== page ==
Online get-rich-quick scam exposed
A get-rich-quick scam has been slammed by Island consumer watchdogs.
The scheme purports to feature an interview with a Bermudian woman who makes $7,000-$8,000 a week in a home survey programme and appears on a realistic news-style website.
But the same name, Melicia Henry, is attached to stories on similar looking websites, although instead of “Hamilton, Bermuda” her location is given as “Redmond, US”.
Rhonda Daniels, enforcement officer at the Consumer Affairs department, said that she had seen a similar site where Melicia Henry was said to come from St George's.
The site quotes the woman as saying she had earned enough to buy herself a BMW 5 series car — a model far too large to be imported to the Island.
Ms Daniels said: “Spotting a scam nowadays is rather hard as the scammers have gotten more sophisticated in how they market their product.”
And she added: “Remember that if you get scammed online it is very unlikely the local police or the Office of Consumer Affairs will be able to assist in getting your money back.
“Scammers use the information you give to them to get rich quick themselves.
“If you have shared your credit card or bank account information, contact your bank immediately. They may be able to stop the transaction.”
The two stories featuring the Hamilton woman appear on the similar-looking Online Career Journal and Career Journal Online.
One story is bylined Amanda Winston and the other Amanda W.
Both sites carry the logos of respected media outlets like the BBC, CNN and Financial Times with the tagline “as seen on”.
But small print at the end of the online comments section warns the site is “not affiliated in any way” with news sites.
And it says: “This programme is not a job but an educational opportunity that can help individuals learn how to earn money through their entrepreneurial efforts.
“Anyone who decides to buy any programme about making money will not necessarily make money simply by purchasing the programme.”
And it added that the comments — all favourable — were “also representative of typical comments and experiences which have been compiled into a comment format to illustrate a dialogue.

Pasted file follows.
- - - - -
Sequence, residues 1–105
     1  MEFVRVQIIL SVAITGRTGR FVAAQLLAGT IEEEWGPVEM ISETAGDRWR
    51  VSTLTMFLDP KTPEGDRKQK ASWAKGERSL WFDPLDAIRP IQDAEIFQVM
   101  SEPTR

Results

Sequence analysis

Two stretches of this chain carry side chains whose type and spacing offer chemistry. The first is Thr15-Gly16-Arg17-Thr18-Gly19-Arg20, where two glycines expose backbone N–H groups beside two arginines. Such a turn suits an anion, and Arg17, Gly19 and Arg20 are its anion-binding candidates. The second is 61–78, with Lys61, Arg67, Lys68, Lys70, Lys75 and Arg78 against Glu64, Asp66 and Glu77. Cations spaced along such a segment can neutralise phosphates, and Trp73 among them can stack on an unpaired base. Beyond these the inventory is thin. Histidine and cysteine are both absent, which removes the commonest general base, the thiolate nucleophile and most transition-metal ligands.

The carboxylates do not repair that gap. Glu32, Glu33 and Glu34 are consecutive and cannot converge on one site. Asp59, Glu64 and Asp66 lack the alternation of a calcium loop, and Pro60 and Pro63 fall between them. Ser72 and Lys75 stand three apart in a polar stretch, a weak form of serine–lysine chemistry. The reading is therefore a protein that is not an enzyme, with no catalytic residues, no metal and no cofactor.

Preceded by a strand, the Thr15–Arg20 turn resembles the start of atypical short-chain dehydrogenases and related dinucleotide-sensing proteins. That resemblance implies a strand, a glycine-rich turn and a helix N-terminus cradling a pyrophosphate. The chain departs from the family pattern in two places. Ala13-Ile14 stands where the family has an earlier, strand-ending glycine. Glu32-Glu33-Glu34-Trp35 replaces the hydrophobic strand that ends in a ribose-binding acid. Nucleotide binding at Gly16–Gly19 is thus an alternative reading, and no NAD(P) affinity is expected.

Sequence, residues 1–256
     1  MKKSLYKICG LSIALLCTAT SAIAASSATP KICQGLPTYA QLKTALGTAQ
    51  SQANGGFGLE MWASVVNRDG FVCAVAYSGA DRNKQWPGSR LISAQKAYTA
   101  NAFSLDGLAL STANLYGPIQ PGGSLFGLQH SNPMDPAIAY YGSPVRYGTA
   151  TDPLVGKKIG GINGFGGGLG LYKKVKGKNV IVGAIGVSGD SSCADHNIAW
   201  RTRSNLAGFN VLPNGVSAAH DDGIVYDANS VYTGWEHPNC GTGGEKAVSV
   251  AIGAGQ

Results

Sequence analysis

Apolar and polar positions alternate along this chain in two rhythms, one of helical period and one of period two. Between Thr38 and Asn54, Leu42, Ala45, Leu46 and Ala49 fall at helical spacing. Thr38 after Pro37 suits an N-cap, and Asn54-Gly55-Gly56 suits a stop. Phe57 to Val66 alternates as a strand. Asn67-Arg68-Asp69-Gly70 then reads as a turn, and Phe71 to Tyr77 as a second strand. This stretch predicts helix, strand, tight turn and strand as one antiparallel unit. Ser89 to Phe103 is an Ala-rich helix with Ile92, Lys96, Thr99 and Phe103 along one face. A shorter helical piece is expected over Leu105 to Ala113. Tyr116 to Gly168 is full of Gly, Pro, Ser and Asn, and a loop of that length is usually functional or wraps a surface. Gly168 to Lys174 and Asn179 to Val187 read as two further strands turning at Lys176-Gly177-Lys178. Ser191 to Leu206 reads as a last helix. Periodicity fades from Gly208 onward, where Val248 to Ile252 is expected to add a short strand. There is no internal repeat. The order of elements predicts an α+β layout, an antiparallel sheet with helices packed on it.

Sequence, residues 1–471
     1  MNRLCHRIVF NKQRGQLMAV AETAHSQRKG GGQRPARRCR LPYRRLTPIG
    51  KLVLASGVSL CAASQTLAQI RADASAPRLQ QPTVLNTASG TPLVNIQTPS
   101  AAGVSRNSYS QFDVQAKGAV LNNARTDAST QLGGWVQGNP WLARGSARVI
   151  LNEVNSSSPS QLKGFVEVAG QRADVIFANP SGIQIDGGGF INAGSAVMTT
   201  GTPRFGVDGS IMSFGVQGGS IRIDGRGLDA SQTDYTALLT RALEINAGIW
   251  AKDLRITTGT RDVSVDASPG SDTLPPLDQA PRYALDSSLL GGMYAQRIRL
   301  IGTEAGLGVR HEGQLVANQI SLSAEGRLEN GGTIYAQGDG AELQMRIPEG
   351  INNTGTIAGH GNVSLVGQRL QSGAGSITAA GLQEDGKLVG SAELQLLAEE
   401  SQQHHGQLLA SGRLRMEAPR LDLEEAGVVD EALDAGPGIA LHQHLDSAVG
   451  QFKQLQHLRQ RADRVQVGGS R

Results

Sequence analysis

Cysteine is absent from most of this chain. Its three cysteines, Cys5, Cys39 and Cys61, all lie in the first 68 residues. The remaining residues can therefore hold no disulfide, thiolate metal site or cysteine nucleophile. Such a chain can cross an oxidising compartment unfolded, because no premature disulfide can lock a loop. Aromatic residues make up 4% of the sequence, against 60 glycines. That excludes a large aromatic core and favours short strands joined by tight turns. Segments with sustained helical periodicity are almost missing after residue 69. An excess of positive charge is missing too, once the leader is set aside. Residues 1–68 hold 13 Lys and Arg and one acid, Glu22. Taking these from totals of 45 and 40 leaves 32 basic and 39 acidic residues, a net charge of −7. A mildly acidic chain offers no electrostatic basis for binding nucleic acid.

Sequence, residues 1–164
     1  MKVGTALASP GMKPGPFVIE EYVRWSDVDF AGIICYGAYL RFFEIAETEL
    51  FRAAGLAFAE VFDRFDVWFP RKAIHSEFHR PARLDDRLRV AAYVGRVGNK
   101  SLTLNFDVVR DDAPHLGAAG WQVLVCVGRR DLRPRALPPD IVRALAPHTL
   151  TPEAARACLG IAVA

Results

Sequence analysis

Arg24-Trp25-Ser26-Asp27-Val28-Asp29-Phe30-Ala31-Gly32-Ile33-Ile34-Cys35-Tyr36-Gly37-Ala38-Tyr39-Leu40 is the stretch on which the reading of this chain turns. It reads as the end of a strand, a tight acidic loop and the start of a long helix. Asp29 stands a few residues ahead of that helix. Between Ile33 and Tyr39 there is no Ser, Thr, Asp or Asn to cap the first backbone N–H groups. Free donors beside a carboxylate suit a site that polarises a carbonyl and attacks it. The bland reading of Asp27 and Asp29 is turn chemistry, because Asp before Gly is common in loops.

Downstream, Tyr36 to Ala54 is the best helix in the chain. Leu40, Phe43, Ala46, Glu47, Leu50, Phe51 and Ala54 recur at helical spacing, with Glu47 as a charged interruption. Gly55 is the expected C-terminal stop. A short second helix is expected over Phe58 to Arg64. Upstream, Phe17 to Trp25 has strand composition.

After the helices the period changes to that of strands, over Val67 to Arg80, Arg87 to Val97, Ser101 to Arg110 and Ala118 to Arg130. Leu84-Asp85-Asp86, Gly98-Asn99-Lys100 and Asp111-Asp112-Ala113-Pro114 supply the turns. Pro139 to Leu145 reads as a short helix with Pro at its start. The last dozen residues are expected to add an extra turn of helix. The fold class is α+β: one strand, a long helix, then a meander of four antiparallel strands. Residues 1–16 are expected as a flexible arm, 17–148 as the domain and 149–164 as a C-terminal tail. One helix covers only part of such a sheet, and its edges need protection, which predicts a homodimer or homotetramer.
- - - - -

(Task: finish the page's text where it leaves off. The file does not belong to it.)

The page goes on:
“However, the comments are not actual posts to this webpage and have been compiled or generated for illustrative purposes only.”
The story said that Ms Henry had lost her job in the recession — but that after a $5 investment in a work-from-home kit she was making $3,000 within four weeks doing paid surveys at home online.
Ms Daniels said that — to avoid being scammed — people should ask basic questions before replying to what appear to be attractive offers.
Ms Daniels added that some of the questions consumers should ask themselves are:
• Do you have to pay up front for materials, product etc?
• Do they guarantee you wealth or financial success that will help you get rich fast from home?
• Does the website provide proof that big money can be made?
• Is there an unusable contact information link?
• Do they use the emotional sales pitch such as you deserve to have the car, home or vacation of your dreams?
She said people should “be wary” of get-rich-quick offers and that people should look for inconsistencies — like the BMW 5 Series mistake.
Ms Daniels added that people should research any online offer carefully before making financial decisions and check if e-mail accounts are g-mail, Hotmail or other free account providers.
And she said there were websites devoted to exposing the latest scams which were a worthwhile tool to use.
Ms Daniels warned: “Just because it is advertised on the internet or contained in an article does not make it legitimate.
“Take the time to educate yourself on the various scams out there and understand how they work.
“If your gut instinct is telling you it is a scam than more than likely it is.”